May-Ying Lam for NPR
Joseph Melton, a G4S program manager for the D.C. Pretrial Services Agency, adjusts a defendant's ankle bracelet as G4S installer David Turner watches. After the initial fitting, defendants have weekly check-ins with a pretrial officer.
Who, they wondered, could possibly be against this program? It turns out, in Broward County, 135 people — more precisely, 135 bail bondsmen — who had them completely outmatched.
The Bail Bonds Lobby At Work
Bondsmen Wayne Spath makes no apologies for leading the charge against pretrial.
'We're tenacious; we do our job," Spath says. "People should not just be released from jail and get a free ride. I mean, this is the way the system's got to work."
Spath argues that pretrial release costs taxpayers too much money. And, he says, it was hurting his business.
So he and the other bondsmen did what any self-respecting private business group would do: They hired a lobbyist, Rob Book.
"To be perfectly arrogant about it, I'm considered if not the best, [then] one of the best in the state," says Book. He has been lobbying for bondsmen in Florida for more than a decade.
In this case, he quickly went to work.
According to campaign records, Book, Spath and the rest of Broward's bondsmen spread almost $23,000 across the council in the year before the bill was passed. Fifteen bondsmen cut checks worth more than $5,000 to commissioner and now-county Mayor Ken Keechl just five days before the vote.
Keechl and several other commissioners declined NPR's repeated requests for an interview. At the meeting last January, they said they were concerned that Broward's pretrial program cost more than other counties' programs, and they vigorously denied that campaign contributions played any role.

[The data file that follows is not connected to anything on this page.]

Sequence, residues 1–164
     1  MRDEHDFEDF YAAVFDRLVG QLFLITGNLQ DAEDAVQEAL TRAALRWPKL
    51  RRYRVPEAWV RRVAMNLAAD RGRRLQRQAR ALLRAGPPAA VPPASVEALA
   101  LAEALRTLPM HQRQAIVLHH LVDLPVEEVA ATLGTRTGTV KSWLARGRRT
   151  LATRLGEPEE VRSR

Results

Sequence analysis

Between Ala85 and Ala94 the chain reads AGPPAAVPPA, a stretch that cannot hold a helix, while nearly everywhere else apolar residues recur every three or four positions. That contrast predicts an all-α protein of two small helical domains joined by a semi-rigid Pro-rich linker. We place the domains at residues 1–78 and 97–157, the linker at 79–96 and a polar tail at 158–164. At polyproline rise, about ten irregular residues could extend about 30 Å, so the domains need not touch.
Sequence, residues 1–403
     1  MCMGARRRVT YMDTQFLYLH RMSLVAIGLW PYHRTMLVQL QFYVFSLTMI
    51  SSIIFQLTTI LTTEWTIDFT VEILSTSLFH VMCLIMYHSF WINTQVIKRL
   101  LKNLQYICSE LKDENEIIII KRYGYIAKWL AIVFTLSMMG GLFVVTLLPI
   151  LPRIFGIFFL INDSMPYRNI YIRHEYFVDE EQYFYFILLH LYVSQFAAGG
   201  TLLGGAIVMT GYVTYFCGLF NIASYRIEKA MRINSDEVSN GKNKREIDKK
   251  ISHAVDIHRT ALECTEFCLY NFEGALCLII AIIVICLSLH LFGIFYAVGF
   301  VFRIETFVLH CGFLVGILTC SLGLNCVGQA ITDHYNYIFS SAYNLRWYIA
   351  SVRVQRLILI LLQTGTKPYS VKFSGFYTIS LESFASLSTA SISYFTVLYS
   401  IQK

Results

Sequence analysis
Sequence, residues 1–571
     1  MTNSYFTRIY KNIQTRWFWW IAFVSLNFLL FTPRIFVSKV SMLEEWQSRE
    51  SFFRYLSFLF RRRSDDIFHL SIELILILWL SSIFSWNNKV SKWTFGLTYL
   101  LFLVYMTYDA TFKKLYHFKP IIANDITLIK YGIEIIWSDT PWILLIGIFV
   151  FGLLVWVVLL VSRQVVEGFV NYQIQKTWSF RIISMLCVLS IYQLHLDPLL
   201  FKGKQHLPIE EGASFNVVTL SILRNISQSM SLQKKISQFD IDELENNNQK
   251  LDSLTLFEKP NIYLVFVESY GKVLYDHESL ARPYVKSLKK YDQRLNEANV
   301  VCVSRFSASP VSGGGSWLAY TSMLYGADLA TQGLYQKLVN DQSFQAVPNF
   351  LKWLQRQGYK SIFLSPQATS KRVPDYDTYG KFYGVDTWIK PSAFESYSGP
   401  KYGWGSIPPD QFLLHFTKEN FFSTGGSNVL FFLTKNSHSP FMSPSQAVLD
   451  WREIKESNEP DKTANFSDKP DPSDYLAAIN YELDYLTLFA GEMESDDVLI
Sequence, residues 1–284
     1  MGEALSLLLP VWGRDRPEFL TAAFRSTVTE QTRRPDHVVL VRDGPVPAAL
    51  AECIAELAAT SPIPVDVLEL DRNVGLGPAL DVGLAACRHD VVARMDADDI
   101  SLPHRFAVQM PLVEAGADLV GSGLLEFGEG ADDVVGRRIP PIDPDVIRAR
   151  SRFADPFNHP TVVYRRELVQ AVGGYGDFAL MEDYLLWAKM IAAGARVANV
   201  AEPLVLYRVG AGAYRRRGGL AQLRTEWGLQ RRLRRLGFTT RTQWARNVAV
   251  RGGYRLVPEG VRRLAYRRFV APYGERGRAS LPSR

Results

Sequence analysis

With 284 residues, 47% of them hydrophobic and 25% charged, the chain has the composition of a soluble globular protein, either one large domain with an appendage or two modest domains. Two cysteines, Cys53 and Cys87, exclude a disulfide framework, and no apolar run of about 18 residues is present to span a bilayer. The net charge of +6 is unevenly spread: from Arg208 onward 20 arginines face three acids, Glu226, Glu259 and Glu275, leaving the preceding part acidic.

Katie Hayes for NPR
If an inmate has not been bailed out of jail within three days after arrest, Sylvia Urrutia, an officer working with the pretrial release program in Lubbock, Texas, contacts the inmate to see if he is eligible for the program.
If an inmate has not been bailed out of jail within three days after arrest, Sylvia Urrutia, an officer working with the pretrial release program in Lubbock, Texas, contacts the inmate to see if he is eligible for the program. Katie Hayes for NPR
Book had his work cut out for him. Broward's own county attorney wrote a memo warning commissioners that cutting back pretrial could be unconstitutional. But Book worked behind the scenes.
He met with commissioners, and according to county records, he had unusual access. That's because at the same time he was hired by the bondsmen to lobby commissioners, he was also hired by the commissioners to be their lobbyist.
Book says he does not see a conflict of interest.
"I have never tried to mislead the public on the issue," Book says. "The truth is I have a client, the bail bondsmen. The truth is my client is an alternative to pretrial release. The fact of the matter is my clients are held accountable. I've never been more right from a public perspective than I am on this issue."
Broward County Public Defender Finkelstein disagrees.
"Don't pee on me and tell me it's raining," Finkelstein says.
Making Do With Less
Finkelstein is feeling the brunt of the cutbacks. He says every day he has to meet with more and more of his clients behind bars — clients who might once have been candidates for pretrial release. Now hundreds are stuck in jail, he says, because the bondsmen are hoping they'll find the money to become paying customers.
Finkelstein says it's true that pretrial release costs taxpayers money. But he says it costs millions more to leave thousands of indigent defendants in jail because they can't afford a bondsman's fees.
"Don't tell me that you're doing this for the good of the people," Finkelstein says. "You're doing it for your own good, and that's fine, but then you shouldn't have a seat at the table when public policy is made."
In recent years, that seat at the table has grown larger, not just in Broward but nationwide.
Bondsmen have lobbied to cut back local pretrial programs from Texas to California, pushed for legislation in four states limiting pretrial's resources, and lobbied Congress so that they won't have to pay the bond if the defendant commits a new crime.
Behind them, the bondsmen have powerful special interest group and millions of dollars. Pretrial release agencies have a smattering of public employees and the remnants of their once-thriving programs.